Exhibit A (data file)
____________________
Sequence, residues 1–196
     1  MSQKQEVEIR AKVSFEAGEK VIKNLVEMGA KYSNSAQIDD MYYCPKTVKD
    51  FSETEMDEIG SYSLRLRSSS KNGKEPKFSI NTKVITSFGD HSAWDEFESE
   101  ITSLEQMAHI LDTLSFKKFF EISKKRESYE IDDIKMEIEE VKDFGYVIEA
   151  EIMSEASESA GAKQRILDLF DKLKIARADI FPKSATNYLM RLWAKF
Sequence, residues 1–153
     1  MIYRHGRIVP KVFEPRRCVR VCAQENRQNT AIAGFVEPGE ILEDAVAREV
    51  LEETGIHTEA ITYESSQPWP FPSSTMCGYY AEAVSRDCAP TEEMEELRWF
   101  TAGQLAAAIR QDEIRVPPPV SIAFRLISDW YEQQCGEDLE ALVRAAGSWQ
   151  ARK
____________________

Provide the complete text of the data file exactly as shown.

Sequence, residues 1–196
     1  MSQKQEVEIR AKVSFEAGEK VIKNLVEMGA KYSNSAQIDD MYYCPKTVKD
    51  FSETEMDEIG SYSLRLRSSS KNGKEPKFSI NTKVITSFGD HSAWDEFESE
   101  ITSLEQMAHI LDTLSFKKFF EISKKRESYE IDDIKMEIEE VKDFGYVIEA
   151  EIMSEASESA GAKQRILDLF DKLKIARADI FPKSATNYLM RLWAKF
Sequence, residues 1–153
     1  MIYRHGRIVP KVFEPRRCVR VCAQENRQNT AIAGFVEPGE ILEDAVAREV
    51  LEETGIHTEA ITYESSQPWP FPSSTMCGYY AEAVSRDCAP TEEMEELRWF
   101  TAGQLAAAIR QDEIRVPPPV SIAFRLISDW YEQQCGEDLE ALVRAAGSWQ
   151  ARK